The problem with big bang releases

Big Bang releases are when teams work several months on a project with the intention of pushing it live in one big event. These types of releases usually never go well. It is because there’s so much Work In Progress (WIP) that it inevitably creates an influx of unplanned work. Engineers have a trouble estimating how much it’s going to take to bring everything together. It’s almost unplannable. Emotions run high, rash decisions are made, and blame goes around. Ultimately, things usually never work out as you’d expect.

Even if you happen to make it to production on a timely manner, live data and real usage can be unforgiving.

There’s another problem too. In order, to avoid the huge amounts of unplanned work, you have to release to production early. That means, postponing large feature development in lieu of putting something in production. Call it whatever you want. You can call it Minimum Viable Feature, Minimum Viable Product, or just Walking Skeleton. Once you have something live in production, with a CI/CD pipeline, you can iterate, all the way to production. It’s no longer a big event.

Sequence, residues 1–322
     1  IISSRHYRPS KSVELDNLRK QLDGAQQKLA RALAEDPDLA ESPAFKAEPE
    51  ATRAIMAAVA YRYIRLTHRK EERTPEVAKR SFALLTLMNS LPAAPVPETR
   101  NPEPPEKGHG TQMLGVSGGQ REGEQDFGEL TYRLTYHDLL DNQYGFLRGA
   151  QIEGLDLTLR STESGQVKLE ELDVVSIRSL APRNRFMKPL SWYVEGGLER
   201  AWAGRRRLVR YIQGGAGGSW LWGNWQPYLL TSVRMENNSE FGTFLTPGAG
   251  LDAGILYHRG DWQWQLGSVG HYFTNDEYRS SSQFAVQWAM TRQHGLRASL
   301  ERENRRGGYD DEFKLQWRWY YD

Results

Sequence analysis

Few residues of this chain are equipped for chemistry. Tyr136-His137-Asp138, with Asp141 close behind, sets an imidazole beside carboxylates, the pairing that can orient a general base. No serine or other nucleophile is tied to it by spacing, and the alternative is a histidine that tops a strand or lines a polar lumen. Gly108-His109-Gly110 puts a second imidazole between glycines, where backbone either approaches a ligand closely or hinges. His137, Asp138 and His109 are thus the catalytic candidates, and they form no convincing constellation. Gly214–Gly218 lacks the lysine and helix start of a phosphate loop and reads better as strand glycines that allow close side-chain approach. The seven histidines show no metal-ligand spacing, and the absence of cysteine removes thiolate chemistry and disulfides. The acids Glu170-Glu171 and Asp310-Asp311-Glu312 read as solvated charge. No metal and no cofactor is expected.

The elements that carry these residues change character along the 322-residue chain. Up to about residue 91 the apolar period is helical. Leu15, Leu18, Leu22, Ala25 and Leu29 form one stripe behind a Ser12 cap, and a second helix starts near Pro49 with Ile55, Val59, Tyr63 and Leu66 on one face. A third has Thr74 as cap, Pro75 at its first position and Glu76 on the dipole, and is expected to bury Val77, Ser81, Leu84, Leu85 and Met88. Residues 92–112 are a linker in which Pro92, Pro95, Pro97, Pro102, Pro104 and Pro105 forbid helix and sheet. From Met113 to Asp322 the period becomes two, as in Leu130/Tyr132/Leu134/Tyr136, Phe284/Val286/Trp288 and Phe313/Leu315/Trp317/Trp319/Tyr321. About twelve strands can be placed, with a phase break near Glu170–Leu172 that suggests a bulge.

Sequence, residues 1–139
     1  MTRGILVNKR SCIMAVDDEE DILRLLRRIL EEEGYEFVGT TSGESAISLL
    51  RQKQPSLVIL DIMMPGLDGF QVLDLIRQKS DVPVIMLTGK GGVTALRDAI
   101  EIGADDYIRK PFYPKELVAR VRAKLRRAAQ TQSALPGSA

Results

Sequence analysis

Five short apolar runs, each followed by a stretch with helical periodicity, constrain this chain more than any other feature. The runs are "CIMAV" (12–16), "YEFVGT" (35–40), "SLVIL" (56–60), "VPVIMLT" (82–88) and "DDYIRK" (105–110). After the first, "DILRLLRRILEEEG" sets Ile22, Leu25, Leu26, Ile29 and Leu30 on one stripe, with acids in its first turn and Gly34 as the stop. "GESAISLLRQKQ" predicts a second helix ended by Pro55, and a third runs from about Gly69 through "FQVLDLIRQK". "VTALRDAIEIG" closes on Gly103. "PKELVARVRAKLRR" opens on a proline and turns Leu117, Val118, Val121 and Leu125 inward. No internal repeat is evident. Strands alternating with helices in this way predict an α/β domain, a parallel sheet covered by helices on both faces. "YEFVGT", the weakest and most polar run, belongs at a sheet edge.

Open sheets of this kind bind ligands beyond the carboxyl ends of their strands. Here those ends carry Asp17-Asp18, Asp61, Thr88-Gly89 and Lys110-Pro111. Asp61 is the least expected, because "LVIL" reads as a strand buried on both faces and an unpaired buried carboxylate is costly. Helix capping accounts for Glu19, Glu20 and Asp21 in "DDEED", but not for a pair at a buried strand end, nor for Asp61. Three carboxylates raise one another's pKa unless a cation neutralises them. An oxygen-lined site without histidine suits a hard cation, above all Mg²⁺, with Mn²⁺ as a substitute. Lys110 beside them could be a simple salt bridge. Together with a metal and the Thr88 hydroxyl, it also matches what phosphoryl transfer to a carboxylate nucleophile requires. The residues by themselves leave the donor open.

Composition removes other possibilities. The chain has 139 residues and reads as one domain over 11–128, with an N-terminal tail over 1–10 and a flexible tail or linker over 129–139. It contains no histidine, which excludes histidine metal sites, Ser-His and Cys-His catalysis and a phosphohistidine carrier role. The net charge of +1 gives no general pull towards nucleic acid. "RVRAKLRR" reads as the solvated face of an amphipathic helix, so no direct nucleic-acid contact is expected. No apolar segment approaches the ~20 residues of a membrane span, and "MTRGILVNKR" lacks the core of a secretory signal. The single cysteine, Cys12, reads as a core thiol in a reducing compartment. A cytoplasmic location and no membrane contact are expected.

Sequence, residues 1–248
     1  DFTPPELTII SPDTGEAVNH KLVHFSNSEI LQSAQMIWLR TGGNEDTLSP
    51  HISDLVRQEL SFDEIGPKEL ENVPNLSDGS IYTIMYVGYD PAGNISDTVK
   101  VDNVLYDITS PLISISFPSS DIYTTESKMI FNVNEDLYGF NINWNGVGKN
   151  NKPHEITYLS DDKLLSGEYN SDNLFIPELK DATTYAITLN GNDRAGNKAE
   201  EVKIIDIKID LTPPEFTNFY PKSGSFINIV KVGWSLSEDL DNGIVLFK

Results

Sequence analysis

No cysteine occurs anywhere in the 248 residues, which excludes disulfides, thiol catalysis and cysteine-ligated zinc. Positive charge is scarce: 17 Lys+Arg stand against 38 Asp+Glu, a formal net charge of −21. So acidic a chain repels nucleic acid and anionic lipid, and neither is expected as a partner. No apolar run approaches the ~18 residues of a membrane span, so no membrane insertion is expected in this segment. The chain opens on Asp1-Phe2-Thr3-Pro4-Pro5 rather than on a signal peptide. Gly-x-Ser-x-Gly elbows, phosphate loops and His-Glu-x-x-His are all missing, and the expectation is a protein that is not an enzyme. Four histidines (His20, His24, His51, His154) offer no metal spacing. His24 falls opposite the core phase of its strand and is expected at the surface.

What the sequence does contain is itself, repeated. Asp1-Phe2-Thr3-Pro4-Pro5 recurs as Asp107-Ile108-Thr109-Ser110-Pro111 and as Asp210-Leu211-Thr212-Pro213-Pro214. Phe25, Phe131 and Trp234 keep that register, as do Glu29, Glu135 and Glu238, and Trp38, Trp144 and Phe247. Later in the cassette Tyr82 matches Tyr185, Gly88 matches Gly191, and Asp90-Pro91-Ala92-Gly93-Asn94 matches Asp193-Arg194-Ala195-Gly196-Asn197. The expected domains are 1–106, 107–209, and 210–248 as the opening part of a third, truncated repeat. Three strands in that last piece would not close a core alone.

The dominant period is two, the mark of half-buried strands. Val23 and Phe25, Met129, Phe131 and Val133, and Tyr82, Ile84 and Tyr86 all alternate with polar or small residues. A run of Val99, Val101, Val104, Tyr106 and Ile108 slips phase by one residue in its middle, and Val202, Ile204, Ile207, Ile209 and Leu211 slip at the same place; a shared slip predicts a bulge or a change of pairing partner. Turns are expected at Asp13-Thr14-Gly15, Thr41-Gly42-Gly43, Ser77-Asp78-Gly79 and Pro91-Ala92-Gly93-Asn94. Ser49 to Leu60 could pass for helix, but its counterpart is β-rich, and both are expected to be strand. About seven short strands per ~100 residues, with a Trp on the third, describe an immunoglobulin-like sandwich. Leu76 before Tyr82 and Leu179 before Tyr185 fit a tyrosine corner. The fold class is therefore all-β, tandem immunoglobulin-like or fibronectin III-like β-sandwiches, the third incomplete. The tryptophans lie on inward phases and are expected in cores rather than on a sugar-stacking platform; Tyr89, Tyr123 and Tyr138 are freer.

But the problem with this initial investment is that it has to have buy-in from the top. If there’s no buy-in from leadership teams, then will be no patience for postponing the feature development. Without the patience, team members will likely be interrupted from the mail goal. Leadership will go inpatient and will start making decisions for the boots on the ground. It’s best that the boots on the ground make the technical decisions.